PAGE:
- Routine inspections of some services cancelled by CQC due to winter pressures
- Regulator says decision will allow staff to focus on caring for patients
- Chief executives criticise decision as a “mockery” and counter to the policy of “minimum standards”
The Care Quality Commission is suspending routine inspections of some hospitals, GP practices and urgent care services during January due to winter pressures, HSJ can reveal.
The regulator confirmed to HSJ today that it was taking the unprecedented step to help staff focus on caring for patients.
A small number of trusts have had planned inspections cancelled, HSJ understands. They will be rescheduled “as soon as possible”. Inspections in response to particular concerns or risks to quality will continue, the CQC said.
It is thought to be an unprecedented move.
The CQC said that through January it would:
- Reschedule some planned routine inspections of acute trusts, based on their individual circumstances.
- Not carry out reinspections of GP practices and urgent care services (including NHS 111, GP out of hours and urgent care centres) where they are rated good or outstanding, and where there is no information on particular concerns. Re-inspections of those rated requires improvement or inadequate will continue as planned.
- Continue inspection of adult social care providers, which are normally on an unannounced basis in response to risks and concerns. These will be kept under review, however, and changed if CQC is notified about a particular flu or norovirus outbreak.
The CQC said: ”A normal inspection schedule is expected to resume in February but this will be subject to review based on close monitoring of system performance.”
The NHS has been struggling to cope with a huge rise in flu admissions and demand on emergency departments since about Christmas. It has left thousands of patients waiting in corridors and on trolleys for beds, while ambulances have been delayed for hours waiting to hand over patients. Performance against the four-hour waiting target is expected to have dropped year-on-year yet again, according to information from several regions.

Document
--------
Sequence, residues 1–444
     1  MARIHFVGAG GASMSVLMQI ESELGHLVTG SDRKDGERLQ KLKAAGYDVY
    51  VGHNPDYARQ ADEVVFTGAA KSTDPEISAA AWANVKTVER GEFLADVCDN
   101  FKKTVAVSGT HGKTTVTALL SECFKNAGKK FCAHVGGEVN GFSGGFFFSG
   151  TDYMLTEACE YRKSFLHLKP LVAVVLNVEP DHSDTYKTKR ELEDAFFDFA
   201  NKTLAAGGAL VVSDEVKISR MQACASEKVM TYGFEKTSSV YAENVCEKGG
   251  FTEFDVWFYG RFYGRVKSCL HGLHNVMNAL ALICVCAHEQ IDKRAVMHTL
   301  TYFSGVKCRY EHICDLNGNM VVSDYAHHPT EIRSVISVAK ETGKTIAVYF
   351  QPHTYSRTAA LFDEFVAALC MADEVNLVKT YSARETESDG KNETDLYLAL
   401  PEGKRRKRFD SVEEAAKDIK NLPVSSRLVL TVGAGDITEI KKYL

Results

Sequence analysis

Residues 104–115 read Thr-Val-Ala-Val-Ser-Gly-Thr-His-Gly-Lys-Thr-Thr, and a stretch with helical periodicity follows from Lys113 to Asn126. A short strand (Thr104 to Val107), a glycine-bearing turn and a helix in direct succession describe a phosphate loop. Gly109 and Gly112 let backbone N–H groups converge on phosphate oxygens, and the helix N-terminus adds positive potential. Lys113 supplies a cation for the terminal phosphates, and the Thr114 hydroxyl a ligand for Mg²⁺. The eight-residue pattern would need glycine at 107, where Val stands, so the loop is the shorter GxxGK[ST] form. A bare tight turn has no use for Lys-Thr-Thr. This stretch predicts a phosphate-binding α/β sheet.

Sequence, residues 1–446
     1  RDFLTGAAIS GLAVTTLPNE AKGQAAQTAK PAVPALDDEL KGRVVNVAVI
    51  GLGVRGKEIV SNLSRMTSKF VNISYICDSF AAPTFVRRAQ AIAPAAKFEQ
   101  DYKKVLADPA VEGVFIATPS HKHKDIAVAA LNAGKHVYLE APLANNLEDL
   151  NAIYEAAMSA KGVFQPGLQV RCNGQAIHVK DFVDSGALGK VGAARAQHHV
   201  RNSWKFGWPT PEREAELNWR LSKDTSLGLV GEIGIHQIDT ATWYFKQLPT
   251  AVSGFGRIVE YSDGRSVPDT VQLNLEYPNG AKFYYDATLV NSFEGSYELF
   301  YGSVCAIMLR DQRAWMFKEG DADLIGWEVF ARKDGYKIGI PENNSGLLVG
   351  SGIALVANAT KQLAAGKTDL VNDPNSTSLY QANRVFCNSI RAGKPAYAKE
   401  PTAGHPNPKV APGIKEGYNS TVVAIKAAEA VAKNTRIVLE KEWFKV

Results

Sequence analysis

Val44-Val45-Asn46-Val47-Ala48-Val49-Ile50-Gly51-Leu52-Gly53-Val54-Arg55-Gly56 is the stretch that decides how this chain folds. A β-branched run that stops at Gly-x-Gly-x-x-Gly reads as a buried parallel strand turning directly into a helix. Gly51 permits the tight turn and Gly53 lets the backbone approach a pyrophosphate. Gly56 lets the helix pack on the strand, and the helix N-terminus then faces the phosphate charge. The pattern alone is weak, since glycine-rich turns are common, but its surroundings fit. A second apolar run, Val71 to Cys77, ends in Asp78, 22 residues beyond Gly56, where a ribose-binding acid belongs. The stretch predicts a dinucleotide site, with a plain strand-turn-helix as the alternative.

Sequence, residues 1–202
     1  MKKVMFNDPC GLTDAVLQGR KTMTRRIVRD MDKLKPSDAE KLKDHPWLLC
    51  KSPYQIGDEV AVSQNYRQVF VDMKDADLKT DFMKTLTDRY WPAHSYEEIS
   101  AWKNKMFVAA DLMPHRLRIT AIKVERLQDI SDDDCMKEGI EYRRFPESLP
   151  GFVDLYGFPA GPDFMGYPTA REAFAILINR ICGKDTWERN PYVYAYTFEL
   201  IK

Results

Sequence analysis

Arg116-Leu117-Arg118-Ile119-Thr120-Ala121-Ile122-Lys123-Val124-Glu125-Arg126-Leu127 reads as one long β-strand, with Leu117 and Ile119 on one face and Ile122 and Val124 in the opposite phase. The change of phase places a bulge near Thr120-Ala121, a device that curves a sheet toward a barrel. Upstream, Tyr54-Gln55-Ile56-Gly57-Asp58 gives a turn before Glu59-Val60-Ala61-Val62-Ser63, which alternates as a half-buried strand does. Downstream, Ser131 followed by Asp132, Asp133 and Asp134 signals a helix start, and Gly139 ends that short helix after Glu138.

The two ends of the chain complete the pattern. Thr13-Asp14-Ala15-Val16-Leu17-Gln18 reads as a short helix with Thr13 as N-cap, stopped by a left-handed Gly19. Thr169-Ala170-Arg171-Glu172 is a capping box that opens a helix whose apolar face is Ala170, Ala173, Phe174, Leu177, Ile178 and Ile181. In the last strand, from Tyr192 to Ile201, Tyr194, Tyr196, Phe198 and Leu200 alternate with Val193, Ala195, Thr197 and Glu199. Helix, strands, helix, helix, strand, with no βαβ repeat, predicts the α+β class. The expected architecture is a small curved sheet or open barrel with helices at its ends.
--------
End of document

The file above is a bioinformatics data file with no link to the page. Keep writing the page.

One hospital chief executive told HSJ today the decision by the CQC “makes a mockery of unannounced inspections”. The source said it suggested that “things can go out of control with the blessing of the quality regulator in winter”.
Another said: “We are supposed to have minimum standards of care but if you’re lucky enough to have an inspection during January, you now get a pass from the regulator while others are held to the standards at other times of the year regardless of the pressures on our system.”
One junior doctor briefed by his trust on the decision added: ”It seems to me that this conveniently avoids any embarrassing reports of care in gridlocked and overcrowded emergency departments.”
Following the 2013 public inquiry report into the scandal of poor care at Mid Staffordshire Foundation Trust, health secretary Jeremy Hunt imposed new regulations on the CQC and health sector, including minimum fundamental standards. Sir Robert Francis QC, who carried out the inquiry, is a non-executive director on the regulator’s board.
The suspensions will not include the CQC’s responsive inspections, carried out where it has specific concerns about the quality of care a service is providing.
CQC chief Sir David Behan said in a statement: “As we highlighted in our State of Care report, the entire health and social care system is at full stretch – now an increase in respiratory illness and flu has further intensified this pressure.
“To support the system as much as possible, we are rescheduling some routine inspections of services. This is to allow frontline staff and leaders to focus on continuing to ensure that people receive safe, high-quality care during this period of increased demand.
”However, inspections scheduled in response to concerns about quality or safety will go ahead as planned. These include those that are in response to new information, as well as those to follow up on previously identified concerns… We will continue to monitor performance very closely and will act to protect people if necessary.
“It is important to reiterate that these pressures do not originate with and are not restricted to emergency departments, or to NHS acute trusts. As we set out in the interim findings from our first six local system reviews, this is a whole system issue, which demands a whole system response.
“The long term solution must be for health and care providers and commissioners to collaborate to provide health and social care services that meet the needs of their local population, with a stronger focus on keeping people well and helping them stay out of hospital, and on reducing variation that can inhibit people’s access to and choice of services.”
Information supplied to HSJ